Orrick offices in Washington, D.C. Orrick offices in Washington, D.C. (Photo: Diego M. Radzinschi/ALM)

 

 

Public companies in the energy industry are increasingly designating Delaware as the exclusive venue for stockholder lawsuits, according to a new report from Orrick on corporate governance in the energy sector.

“Public Company Corporate Governance Features in the Energy Sector,” released last week, outlines boardroom structure trends based on 54 companies in the Dow Jones Energy Sector Index and the S&P Energy Index, Including Chevron, Halliburton and World Fuel Services Corp.

The report said the vast majority of public energy sector companies are incorporated in Delaware and that more and more of them are adopting bylaws that require stockholder litigation to be filed in the state.

“Almost one half of companies have adopted exclusive forum bylaws, which restrict stockholder litigation to a single litigation forum/venue—almost always Delaware, as the favorite state of incorporation,” the report said, adding, “Although slightly more than one half of companies thus have not adopted the provisions, the incidence rate still represents the feature spreading like wildfire, since the provisions have only gained significant attention in the past few years.”

The report also noted that companies are permitted to waive those provisions if they believe it would be more favorable to resolve the case outside of Delaware, “so the ‘exclusive’ nature is really an option in the company’s favor.”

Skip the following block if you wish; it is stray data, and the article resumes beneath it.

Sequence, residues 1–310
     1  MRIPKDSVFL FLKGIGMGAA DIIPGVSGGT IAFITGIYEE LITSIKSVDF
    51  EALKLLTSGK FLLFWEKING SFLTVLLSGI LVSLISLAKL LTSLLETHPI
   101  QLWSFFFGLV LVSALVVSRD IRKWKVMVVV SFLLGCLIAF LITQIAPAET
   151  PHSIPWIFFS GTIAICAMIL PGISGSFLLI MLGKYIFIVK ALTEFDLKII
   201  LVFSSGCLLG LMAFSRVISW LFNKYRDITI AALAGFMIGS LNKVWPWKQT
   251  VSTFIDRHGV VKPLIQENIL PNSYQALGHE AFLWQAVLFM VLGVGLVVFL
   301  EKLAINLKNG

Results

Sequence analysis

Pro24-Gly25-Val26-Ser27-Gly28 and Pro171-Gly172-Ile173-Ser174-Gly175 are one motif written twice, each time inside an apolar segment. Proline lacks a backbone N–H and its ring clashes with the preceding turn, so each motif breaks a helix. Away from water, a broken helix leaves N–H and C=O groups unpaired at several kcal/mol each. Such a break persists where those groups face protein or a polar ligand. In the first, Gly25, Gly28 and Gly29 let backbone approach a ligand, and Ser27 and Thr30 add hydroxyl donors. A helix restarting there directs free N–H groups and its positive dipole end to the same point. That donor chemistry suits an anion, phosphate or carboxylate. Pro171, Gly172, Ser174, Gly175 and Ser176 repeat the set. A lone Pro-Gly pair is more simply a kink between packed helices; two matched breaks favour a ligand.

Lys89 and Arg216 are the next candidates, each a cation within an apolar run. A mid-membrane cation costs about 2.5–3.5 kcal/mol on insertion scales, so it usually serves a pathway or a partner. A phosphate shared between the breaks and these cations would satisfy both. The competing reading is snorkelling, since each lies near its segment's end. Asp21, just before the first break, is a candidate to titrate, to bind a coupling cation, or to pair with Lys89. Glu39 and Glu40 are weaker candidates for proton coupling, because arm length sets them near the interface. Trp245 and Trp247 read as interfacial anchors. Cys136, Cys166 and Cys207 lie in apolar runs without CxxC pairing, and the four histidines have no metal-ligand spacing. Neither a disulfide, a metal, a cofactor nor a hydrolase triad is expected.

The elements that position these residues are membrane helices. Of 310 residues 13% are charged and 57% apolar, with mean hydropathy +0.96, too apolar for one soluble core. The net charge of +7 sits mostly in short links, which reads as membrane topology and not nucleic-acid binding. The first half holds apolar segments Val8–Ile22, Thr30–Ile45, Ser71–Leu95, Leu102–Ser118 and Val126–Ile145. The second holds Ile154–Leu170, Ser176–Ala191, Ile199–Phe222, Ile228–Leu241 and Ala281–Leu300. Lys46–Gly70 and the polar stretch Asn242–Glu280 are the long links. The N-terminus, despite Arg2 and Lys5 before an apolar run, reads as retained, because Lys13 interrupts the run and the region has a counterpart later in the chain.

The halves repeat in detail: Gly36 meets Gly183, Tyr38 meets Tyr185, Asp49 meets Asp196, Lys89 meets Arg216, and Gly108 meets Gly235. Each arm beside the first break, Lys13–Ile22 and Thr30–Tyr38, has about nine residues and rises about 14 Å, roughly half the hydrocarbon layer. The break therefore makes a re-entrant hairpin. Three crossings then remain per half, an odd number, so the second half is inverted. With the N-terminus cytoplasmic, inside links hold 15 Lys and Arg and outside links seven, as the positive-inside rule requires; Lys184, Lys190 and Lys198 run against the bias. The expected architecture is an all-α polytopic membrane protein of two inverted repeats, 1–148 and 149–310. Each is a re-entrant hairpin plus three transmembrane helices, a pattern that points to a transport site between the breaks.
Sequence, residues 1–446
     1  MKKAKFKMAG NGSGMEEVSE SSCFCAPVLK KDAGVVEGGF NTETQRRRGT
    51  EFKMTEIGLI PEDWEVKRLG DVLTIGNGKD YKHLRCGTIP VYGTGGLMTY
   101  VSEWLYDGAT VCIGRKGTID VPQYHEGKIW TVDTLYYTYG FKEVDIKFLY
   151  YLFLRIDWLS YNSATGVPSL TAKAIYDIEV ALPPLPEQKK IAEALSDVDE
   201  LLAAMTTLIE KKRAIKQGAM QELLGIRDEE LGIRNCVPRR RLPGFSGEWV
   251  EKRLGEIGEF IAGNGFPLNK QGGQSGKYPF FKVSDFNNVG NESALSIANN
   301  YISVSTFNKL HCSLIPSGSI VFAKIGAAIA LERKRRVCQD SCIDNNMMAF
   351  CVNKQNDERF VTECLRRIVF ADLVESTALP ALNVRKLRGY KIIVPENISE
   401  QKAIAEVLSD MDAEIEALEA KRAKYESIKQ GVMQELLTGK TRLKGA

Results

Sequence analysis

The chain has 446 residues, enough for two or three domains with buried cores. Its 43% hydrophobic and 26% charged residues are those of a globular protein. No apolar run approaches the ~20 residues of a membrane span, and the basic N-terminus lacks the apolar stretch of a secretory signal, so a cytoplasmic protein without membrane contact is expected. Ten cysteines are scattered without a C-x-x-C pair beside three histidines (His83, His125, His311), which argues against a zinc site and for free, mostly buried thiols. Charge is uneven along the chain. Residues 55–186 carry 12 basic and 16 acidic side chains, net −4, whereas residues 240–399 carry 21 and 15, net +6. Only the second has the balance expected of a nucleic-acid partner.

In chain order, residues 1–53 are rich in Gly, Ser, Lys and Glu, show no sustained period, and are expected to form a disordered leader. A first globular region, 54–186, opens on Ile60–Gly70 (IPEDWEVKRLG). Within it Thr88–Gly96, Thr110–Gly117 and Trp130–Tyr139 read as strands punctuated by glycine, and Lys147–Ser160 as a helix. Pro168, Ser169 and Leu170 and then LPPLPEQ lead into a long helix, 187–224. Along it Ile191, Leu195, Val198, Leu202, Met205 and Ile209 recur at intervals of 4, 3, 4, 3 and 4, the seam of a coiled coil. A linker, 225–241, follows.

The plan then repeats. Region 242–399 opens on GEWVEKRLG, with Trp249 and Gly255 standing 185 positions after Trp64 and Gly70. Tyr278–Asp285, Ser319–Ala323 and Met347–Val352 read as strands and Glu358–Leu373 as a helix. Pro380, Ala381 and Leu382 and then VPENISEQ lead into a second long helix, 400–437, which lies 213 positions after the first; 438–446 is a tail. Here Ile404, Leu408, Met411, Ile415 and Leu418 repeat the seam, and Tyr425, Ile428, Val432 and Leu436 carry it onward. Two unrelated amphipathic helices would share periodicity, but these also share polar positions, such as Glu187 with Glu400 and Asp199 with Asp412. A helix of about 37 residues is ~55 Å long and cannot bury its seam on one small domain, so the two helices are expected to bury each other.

Other findings in the report included companies’ growing adoption of proxy access, which usually allows certain shareholders to nominate director candidates during an election. More than 60 percent of the companies surveyed have adopted such provisions.

Orrick partner Ed Batts, who led the report, said in an email that he was surprised by the rapid adoption of proxy access over the past five years. And he said it’s likely the trend will grow even more.

“I expect to continue to see proxy access spread like wildfire. Many boards, particularly of midsize or small public companies, tend to want to move ‘with the herd’ and be in the middle of the pack,” Batts said.

“It is clear that governance activists have the support of major institutions in pressing for proxy access. And it has become so widely adopted in such a relatively short period that, like majority voting … it is becoming the accepted standard. Companies would do well to seriously consider adopting the provisions before being approached by governance activists,” he continued.

He said the trend also could lead to the actual nomination of and voting on director nominees using proxy access provisions.

Other emerging trends identified in the report are the adoption of majority voting provisions for uncontested director elections—which 90 percent of industry companies now have—and the use of ”intent to serve” language in amendments to company bylaws now found in nearly 15 percent of surveyed companies.

“There is no drawback—it closes an avenue that otherwise could jeopardize stockholders having adequate time to fully evaluate and listen to the merits of arguments in favor or against specific candidates,” Batts said.

“While not having it still allows for a ‘throw the bums out’ type of vote—allowing full scale substitutions, even if they are named by the time a competing proxy is sent, defeats the purpose of advance notice bylaws in any event,” he added. “This is something all public companies should seriously consider.”

Orrick previously has published a similar report with tech sector companies, where more public companies have dual class stock structures than their energy sector counterparts.